Here is what Ixion had to say about the 1908 event in his Motorcycle Cavalcade of 1950.
Each spring the Coventry club was accustomed to hold a hill-climb at Newnham, outside Daventry. The hill was not especially formidable or interesting. But just as Ascott races are the great day of London dress designers, so the Newnham hill-climb used to tempt our motorcycle designers to unveil their novelties. Everybody in the trade crowded to watch. Alfred Scott of Saltaire chose the 1908 climb for the debut of his open-framed two-stroke twin-cylinder, and won three classes on the efficiency formula.
In envious company it is seldom that spite and criticism automatically surrender to worship. Scott in ten minutes conquered the motorcycle world…
Posted by John Dunn.
Sutton pack-horse bridge
Sunday, 2 May 2021 at 21:58
Whilst motorcycling in north-east Bedfordshire to see Cockayne Hatley and its delights, I thought that I would add a small titbit to the adventure by dropping in to Sutton to see its famous packhorse bridge. I captured something of the experience on my vlog. Below is a slice of the appropriate commentary to the video for YouTube, which will go public on Sunday 2nd May.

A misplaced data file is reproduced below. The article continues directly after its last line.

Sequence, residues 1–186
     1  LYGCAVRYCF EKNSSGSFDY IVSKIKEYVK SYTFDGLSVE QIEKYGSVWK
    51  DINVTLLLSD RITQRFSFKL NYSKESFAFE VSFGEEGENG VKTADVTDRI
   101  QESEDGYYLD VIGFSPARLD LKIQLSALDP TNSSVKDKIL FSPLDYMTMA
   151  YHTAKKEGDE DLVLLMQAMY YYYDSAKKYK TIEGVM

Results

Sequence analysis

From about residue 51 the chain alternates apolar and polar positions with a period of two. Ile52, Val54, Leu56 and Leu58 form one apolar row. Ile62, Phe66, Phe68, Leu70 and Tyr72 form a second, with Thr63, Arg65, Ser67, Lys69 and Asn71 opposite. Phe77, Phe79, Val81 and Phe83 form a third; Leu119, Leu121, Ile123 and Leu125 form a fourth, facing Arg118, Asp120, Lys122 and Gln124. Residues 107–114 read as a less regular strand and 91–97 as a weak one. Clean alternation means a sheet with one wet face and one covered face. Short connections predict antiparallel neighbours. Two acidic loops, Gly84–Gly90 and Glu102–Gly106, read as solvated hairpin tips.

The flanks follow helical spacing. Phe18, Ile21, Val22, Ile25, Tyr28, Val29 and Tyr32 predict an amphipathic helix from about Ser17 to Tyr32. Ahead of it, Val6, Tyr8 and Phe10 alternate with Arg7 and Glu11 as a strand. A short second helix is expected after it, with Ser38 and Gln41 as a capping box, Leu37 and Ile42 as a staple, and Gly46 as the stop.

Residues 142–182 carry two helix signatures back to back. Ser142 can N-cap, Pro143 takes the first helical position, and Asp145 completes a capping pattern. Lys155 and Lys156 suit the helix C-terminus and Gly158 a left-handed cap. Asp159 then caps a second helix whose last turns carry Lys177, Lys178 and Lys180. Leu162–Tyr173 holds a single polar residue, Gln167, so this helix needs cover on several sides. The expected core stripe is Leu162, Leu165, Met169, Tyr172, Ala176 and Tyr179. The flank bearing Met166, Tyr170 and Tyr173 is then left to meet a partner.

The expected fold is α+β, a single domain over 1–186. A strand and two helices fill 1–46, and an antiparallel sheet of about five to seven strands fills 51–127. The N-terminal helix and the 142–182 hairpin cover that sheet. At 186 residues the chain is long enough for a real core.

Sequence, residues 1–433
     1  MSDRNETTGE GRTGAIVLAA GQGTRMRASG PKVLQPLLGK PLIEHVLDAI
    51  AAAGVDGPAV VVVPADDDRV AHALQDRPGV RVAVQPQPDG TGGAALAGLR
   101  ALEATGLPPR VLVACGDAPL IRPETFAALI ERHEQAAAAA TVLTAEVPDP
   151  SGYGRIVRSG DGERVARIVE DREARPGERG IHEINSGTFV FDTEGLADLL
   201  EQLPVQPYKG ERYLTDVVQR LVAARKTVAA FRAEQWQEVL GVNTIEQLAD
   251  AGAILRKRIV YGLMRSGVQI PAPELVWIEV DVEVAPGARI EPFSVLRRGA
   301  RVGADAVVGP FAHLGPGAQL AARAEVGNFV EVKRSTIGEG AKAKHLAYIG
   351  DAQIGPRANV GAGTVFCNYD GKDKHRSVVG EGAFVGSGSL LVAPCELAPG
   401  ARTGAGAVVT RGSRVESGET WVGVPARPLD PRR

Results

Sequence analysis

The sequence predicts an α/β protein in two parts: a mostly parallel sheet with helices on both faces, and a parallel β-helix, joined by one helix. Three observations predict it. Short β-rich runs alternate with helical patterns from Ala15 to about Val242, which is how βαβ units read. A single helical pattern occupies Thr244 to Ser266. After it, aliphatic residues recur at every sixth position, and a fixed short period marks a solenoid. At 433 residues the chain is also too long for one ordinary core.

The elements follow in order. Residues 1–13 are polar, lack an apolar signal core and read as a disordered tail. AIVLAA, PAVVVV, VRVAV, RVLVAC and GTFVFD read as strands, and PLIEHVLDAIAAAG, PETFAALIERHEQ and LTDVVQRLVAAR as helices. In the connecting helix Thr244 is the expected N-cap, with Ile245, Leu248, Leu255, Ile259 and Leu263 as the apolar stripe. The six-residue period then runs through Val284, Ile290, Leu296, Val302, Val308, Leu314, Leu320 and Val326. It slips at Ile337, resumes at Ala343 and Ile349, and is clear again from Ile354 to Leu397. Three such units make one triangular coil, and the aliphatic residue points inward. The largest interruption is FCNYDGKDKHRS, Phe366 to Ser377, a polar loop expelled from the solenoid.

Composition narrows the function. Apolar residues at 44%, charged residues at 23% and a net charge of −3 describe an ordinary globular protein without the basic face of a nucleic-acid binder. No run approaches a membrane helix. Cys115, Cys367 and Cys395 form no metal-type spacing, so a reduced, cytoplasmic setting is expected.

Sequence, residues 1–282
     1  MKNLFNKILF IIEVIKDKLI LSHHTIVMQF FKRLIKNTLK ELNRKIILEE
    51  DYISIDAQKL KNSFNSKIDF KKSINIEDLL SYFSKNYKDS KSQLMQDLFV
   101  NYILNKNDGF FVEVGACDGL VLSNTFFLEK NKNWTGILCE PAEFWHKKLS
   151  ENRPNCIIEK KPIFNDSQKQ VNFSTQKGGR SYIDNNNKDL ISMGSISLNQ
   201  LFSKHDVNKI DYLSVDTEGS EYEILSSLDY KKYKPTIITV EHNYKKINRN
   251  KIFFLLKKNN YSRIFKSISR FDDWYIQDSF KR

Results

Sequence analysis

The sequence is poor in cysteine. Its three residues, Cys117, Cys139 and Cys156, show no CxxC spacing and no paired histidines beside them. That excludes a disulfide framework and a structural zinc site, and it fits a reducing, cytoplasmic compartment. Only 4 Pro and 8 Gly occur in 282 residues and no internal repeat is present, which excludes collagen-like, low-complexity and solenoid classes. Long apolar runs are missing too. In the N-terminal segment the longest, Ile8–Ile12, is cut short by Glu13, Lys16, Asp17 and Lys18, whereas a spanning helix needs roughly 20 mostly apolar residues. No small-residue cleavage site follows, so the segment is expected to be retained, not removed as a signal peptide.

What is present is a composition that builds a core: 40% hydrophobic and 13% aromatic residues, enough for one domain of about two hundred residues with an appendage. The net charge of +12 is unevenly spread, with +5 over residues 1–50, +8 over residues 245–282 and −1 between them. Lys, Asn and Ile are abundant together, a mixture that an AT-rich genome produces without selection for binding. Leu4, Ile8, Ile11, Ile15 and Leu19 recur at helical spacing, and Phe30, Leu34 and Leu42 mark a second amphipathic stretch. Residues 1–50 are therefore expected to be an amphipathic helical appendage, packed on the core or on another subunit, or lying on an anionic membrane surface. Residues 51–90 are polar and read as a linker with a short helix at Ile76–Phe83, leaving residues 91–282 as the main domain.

A postcard from 1964.
Sutton pack-horse bridge
So, it’s one last look at Cockayne Hatley Hall and back to the bike.
…and out through the gateway.
Back down the rough track.
A moments pause to consult the map.
I’m looking for a route to the village of Sutton.
Whilst out this way, I thought I’d take a look at another local landmark of a very different kind, even though it might have been built when the foundations of Cockayne Hatley’s church were being laid.
It means riding across these open Bedfordshire claylands.
And here I am riding through Sutton village.
Here is the landmark that I came to see.
In the middle of Sutton between the church and the main village, the Sutton Packhorse Bridge is a small two arch construction crafted from local sandstone sometime in the late 13th and early 14th centuries.
I’ll cross over the ford and park up.
Taking a walk in the footsteps of those medieval packhorse drivers… complete with thumb for company - only for a short while, I promise.
Ah, the friction rustle of motorcycle trousers and thump of heavy boots…
And there’s a view of the brook and ford next to this medieval packhorse bridge.
The bridge can be dated largely by the pointed shape of its arches. Stone bridges after this time were built with semi-circular arches.
The bridge is believed to be the only surviving bridge of its type in Bedfordshire. Originally only pedestrians and packhorses had the right of way but over time this was extended to include cyclists.